5th track: “Open Letter (To a Landlord)” – Ok, so we finally have a good idea with some good factors on to it… should we be happy with this? Should we grab an incredibly possible and talented group and praise it for above mediocrity songs? Well, as a standalone, it works. It is a message to… well… the rich people that are demolishing… the house of the poor… it is a really closed minded setting, but as a protest ballad, it kind of works… The chorus is a whiplash because it takes the awesomeness down a notch, but the song can be listened to, with a an… good guitar solo… nothing to inspired, but nothing as bad as the previous three tracks… at least, this one actually makes me have faith on the next 6 songs…
6th track: “Funny Vibe” – This song has Chuck D and Flavor Flav on it… really? Because… when I think hard rock and roll, I think fucking Public Enemy… okay… sorry… I hate rap and hip hop, this has to be addressed: the worse thing anyone can do is gather together because of their skin color. I’m dead serious: may you be white, black or green, you should only call talented people to your recording studio, not invite people because of “influence on target skin colored audience”. Public Enemy was huge at that time, mostly with the black crowd, having them with you will only please the black mass. Just for the record, I know there are probably white people that enjoy Public Enemy, but let’s face the facts of the year we are talking here. The song is simple, the guitar solo is almost exactly like it always has been, the rapping is downplayed… the idea of a song addressing prejudice is actually cool, but it is just so downplayed that it isn’t funny anymore. They should’ve took the chance and did what Run DMC did with Walk this Way… I would’ve probably hated it, but still, the idea is fresh. The only thing cool about this song is Will Calhoun drum, that for the first time are evidenced throughout the song, mostly on the beginning and in the end.
7th track: “Memories Can’t Wait” – I’m starting to think that Vernon Reid keeps doing the same guitar solo over and over… they all sound the same. As much as I find… sorry, folks, Cult of Personality awesome, it’s just the same guitar solo as always. The singing is downplayed (and reminds me of Red Hot, and that’s something you shouldn’t remind anyone of)… the vocals go all the places… I don’t know if that is something to applaud or boo. The guitar working, outside of the solo, shows clearly how they influenced a lot of people from nowadays, and obviously were influenced by a lot of people… overall… the song loses for a lack of freshness that I was hoping would permeate the entire album, not only hurt the surface… this album is so bland so far…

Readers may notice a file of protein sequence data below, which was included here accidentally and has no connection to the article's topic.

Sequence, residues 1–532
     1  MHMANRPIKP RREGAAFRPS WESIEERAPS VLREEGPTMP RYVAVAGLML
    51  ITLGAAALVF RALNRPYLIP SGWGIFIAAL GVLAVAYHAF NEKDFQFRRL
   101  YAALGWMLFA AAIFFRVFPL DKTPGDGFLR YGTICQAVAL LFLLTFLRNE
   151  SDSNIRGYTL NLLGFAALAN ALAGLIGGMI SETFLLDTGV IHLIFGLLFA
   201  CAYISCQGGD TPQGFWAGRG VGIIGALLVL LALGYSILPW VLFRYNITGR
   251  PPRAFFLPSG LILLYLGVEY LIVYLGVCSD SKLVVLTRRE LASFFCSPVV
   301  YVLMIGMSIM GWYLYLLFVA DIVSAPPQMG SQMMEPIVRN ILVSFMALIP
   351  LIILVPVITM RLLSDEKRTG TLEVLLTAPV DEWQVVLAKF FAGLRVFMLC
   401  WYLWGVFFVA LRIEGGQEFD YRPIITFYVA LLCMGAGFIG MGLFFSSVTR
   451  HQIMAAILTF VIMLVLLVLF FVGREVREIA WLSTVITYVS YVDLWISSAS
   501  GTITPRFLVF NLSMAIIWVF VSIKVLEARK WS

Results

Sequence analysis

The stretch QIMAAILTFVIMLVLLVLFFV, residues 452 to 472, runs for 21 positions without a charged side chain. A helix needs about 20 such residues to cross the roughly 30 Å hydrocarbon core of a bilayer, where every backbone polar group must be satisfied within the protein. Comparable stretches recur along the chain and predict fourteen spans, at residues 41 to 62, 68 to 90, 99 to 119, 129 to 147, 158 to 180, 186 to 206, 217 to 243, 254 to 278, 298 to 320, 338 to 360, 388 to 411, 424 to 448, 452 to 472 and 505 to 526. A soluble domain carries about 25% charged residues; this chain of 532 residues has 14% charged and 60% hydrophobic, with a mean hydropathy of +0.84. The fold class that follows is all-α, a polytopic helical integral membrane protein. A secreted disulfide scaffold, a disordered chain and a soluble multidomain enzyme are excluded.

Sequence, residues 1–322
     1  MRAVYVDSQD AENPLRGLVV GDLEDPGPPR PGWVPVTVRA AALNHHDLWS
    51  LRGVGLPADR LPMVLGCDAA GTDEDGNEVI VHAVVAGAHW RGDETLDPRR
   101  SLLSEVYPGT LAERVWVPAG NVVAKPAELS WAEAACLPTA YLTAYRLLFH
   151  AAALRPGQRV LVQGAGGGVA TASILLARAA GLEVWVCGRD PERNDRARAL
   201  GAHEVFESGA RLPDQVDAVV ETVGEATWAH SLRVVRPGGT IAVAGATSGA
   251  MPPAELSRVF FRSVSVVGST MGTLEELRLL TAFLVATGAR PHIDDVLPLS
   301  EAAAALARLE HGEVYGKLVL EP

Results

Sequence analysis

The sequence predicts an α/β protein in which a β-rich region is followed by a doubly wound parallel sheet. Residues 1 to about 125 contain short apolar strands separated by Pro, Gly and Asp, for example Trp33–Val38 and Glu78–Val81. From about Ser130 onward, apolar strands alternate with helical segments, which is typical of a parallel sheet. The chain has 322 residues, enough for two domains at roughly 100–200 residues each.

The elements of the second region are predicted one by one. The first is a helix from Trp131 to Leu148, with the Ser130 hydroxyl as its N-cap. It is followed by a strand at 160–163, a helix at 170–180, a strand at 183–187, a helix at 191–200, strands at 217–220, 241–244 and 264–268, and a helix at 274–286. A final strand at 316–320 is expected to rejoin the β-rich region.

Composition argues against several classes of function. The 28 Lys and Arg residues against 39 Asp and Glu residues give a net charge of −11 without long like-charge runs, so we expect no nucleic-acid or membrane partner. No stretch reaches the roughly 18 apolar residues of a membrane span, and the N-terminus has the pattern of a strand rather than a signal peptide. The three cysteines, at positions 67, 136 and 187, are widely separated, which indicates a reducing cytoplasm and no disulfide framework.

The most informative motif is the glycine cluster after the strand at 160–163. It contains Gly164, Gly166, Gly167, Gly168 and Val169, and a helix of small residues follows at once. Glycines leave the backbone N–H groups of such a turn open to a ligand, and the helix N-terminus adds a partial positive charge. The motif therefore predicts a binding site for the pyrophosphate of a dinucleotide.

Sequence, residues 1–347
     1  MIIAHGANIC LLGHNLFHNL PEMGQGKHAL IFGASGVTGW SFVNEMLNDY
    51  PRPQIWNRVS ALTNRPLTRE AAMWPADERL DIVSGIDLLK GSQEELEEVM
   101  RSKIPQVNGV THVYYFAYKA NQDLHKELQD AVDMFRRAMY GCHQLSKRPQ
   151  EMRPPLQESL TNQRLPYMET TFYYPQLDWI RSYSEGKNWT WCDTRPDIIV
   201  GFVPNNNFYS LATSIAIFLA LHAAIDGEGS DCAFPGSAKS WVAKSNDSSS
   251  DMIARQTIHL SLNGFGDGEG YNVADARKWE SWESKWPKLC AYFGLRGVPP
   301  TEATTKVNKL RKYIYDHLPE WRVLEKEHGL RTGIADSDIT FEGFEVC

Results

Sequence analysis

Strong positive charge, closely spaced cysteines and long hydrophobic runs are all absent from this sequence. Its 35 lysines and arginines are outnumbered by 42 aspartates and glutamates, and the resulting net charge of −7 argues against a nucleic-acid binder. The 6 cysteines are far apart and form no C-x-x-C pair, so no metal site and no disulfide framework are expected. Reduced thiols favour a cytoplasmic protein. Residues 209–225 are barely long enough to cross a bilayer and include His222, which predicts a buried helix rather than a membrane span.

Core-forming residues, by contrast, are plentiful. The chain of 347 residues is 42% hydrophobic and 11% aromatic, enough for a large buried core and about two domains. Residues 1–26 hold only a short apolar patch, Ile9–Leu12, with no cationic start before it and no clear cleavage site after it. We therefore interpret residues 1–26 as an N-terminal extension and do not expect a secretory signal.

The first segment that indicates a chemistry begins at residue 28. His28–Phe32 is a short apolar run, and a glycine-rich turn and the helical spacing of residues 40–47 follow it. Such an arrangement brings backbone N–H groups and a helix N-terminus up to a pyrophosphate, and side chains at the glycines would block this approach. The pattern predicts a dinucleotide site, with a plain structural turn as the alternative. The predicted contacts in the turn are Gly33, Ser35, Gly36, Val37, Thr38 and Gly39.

8th track: “Broken Hearts” – Quick tip for aspiring bands out there: if you do have the quality to pull a Dust in the Wind, do it. If not, you will end up with a boring ass song like Broken Hearts. It’s like the album is trying to suck horribly, and with the second guitar solo (or third) different solo on this album (because he used the same lots of different times), it’s managing to do it, even though the solo of this song is actually pretty good. The song is bland, boring, tame and repetitive, nothing like Cult of Personality, but at least it has an interesting bass line and the guitar works something out. Unfortunately, the singing is like country for the nearly deceased. This song gets on average, but sure as hell, I at least will avoid it as I can.
9th track: “Glamour Boys” – You know those songs that the singer just keeps telling about a certain group of society and what it does and what it is like? You know, like… Sick Boy, from Social Distortion’s Eponymous Album… or, to a lesser extent, Girls Just Wanna Have Fun of Cyndi Lauper? These examples are good examples. They are self-depreciatory and that’s what makes them fun: they are poking fun at themselves. When you record a song talking about people that think they are better than you, but say that you aren’t, you are, for the lack of a better word, fierce, you are doing it wrong. By the way, completely forgettable tune, with a Allman Brother’s Band type of guitar, but so discrete when it works like them that it shouldn’t even be considered anything like that. The solo is actually quite enjoyable, but it feels like it is covering a shit fan with duct tape: it’s a bad make up to an already fucked up situation. Listen to it once.
10th track: “What’s Your Favorite Color? (Theme Song)” – Theme song? For… what? Oh, I get it… it’s Living Colour theme song… that is actually a fun idea. It has that shaft feeling to it, without Isaac Hayes… why didn’t they call him? I don’t think he would turn it down or be expensive and he… fulfills the requirements… he would’ve made this song much more enjoyable with the baritone singing, instead of the generic singing. The guitar works out in a way that I really enjoy and the song starts with a yell, which is some of the things I enjoy… but the song is so forgettable that you can’t avoid an eye roll and a sigh. The idea is great, but the way they did it… don’t believe me, test it: listen to Cult of Personality and try to listen to this song: this song will slip faster out of your mind than the toast you left in the toaster… Let’s hope the outro of the album saves something…
11th track: “Which Way to America” – The same fucking guitar song, this time with more chaos and cacophony… again… I enjoy chaos on guitar solos… I enjoy Van Halen of all things… well, this time around, you guessed it, it is a fucking protest song… and it’s better than that, it is a completely forgettable protest song with little to nothing different about it… whoopee dee fucking doo whoo… at least till the second minute mark, where the song gets pretty enjoyable: the singing is remarkable, and gets the point across real easily, with a good guitar after it… let’s get the watch and see how much the goodness clocks in… 30 seconds… great… the lyrics are simple: how do you get to YOUR America? Simple design, simple concept, bad execution.
So, how does it all hold up? I had so much hopes, I had so much dreams… I really like Cult of Personality… I was hoping greatness of this album… however, it failed miserably. It is your classic example of one song to bind them all… this album was the second worst album I’ve ever reviewed… dead serious. It is bland, it is tame, it is boring, and it has so much talent from the get go that you want to burn the whole thing, find the guys responsible and beg them to make songs like the intro… The disappointment is what kills this album, that’s the idea behind it. Vivid Disappointment.
This is JotaKa, signing off.
What’s the point anyway…